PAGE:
Russia's DST Out of Twitter Funding Race, With Kleiner Poised to Take the Deal
According to sources close to the situation, the aggressive Russian investment outfit DST Global is out of the running to fund Twitter.
Instead, the prize is almost certainly going to Kleiner Perkins, the legendary Silicon Valley venture firm of Web 1.0 that has been making a big push of late into the Web 2.0 market.
The valuation for the new round–which sources said is well above $150 million–will be from $3.5 billion to $4 billion.
And it is not clear if there are any other smaller investors in this funding, but sources said that was likely.
Sources added that the San Francisco microblogging service will be completing its newest round of funding next week, although Twitter might not even announce it publicly.
The new round will be the first in a year for Twitter.
In the fall of 2009, Twitter raised funding at a $1 billion valuation to help spur its growth to its current size of 325 employees, serving its 175 million users.
Such growth was of interest to DST, which has made giant investments in social networking giant Facebook, social gaming rocket ship Zynga and Groupon, the social buying site that recently ended acquisition talks with Google.
Twitter moving into its next phase of development is an attractive target for many VCs, as it seeks a lucrative way to monetize its popular business.
And, in fact, Kleiner star VC John Doerr has been making a big push to be the big investor in this key next round for Twitter, which also has had regular acquisition interest from both Google and Facebook.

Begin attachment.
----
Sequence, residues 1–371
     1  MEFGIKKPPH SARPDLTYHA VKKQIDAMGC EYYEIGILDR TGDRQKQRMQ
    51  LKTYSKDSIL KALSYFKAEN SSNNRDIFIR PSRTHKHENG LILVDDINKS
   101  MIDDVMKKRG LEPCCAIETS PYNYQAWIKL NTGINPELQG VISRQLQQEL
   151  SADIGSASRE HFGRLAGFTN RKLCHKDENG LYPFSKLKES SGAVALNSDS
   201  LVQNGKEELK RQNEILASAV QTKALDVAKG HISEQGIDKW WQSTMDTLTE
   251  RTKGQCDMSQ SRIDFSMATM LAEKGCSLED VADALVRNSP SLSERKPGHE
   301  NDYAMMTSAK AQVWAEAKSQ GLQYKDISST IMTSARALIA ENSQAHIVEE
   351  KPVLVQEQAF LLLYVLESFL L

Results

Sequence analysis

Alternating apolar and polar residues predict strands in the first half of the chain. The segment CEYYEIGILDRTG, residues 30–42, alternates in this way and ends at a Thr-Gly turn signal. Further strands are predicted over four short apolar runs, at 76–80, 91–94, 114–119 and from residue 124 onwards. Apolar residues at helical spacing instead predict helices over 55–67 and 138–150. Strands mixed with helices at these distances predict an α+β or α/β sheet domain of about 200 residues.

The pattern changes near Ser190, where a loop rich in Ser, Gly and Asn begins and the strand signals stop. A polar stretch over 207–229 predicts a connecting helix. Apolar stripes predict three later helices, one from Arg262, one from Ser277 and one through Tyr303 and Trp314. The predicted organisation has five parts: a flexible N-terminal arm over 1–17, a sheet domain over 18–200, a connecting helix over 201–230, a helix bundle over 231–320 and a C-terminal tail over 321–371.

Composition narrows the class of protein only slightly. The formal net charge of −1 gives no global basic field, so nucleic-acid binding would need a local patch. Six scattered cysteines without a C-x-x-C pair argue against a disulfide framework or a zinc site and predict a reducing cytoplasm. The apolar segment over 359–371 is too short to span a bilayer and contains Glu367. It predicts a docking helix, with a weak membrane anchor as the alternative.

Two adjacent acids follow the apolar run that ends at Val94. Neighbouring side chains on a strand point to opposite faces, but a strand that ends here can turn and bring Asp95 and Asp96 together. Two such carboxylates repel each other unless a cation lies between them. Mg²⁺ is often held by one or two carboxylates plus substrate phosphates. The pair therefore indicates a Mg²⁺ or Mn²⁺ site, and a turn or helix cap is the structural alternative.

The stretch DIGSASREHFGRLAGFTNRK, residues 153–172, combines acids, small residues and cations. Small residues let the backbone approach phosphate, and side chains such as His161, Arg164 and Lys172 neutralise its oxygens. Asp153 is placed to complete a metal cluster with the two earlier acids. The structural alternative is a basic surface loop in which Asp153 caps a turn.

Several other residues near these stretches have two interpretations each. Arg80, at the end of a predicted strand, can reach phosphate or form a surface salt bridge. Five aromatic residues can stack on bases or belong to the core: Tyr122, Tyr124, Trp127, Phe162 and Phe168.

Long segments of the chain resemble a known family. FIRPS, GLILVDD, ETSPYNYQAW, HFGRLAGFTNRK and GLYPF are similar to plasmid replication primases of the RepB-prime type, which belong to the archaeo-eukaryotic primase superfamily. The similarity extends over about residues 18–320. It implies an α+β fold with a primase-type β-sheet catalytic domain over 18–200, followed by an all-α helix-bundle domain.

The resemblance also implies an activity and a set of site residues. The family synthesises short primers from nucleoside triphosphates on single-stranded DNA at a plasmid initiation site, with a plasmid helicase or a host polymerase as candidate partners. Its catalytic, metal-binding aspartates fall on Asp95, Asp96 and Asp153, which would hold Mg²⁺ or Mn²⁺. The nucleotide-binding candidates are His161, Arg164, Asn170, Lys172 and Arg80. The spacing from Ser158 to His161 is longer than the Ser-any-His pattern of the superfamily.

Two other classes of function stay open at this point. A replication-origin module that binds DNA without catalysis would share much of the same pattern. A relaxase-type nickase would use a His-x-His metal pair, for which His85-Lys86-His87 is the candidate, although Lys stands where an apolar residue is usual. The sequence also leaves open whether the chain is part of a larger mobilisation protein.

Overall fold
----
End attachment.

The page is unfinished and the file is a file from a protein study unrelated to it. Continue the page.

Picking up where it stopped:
What will be interesting to see is if acquisition interest in Twitter from the pair spikes, given the collapse of Google’s attempt to buy Groupon.
The talks with Twitter began, according to several sources, after Kleiner had considered investing in PostUp–the Twitter search engine and advertising platform start-up from Bill Gross’s Idealab, which was first called TweetUp.
PostUp irked Twitter, and its CEO Dick Costolo was particularly vocal about not allowing third-party ad rivals to create a spammier service.
Sources said it was Bill Campbell, well-known Silicon Valley exec and adviser to multiple companies such as Google, who brought Kleiner and Twitter into discussions.
Campbell’s latest coaching task has been at Twitter.
Kleiner has also recently stepped up its Web 2.0 game with the hiring of high-profile Wall Street analyst Mary Meeker of Morgan Stanley.
She has been brought in to help turbocharge the firm’s digital investment portfolio, especially in social, mobile and commerce.
The move has underscored Kleiner’s noisy intent of late to jump into the social Web market.
After scoring a late entry into the scene with its investment in the fast-growing social gaming start-up Zynga, Kleiner has made a big marketing push recently to allocate a dedicated $250 million “sFund” to social start-ups.
NetworkEffect’s Liz Gannes first wrote of Kleiner’s interest in Twitter a week ago, followed by a report a day later in TechCrunch about Kleiner’s primacy in the Twitter funding race and Doerr’s fervent effort to land the investment.
None of the players mentioned here has responded to BoomTown’s request for a comment.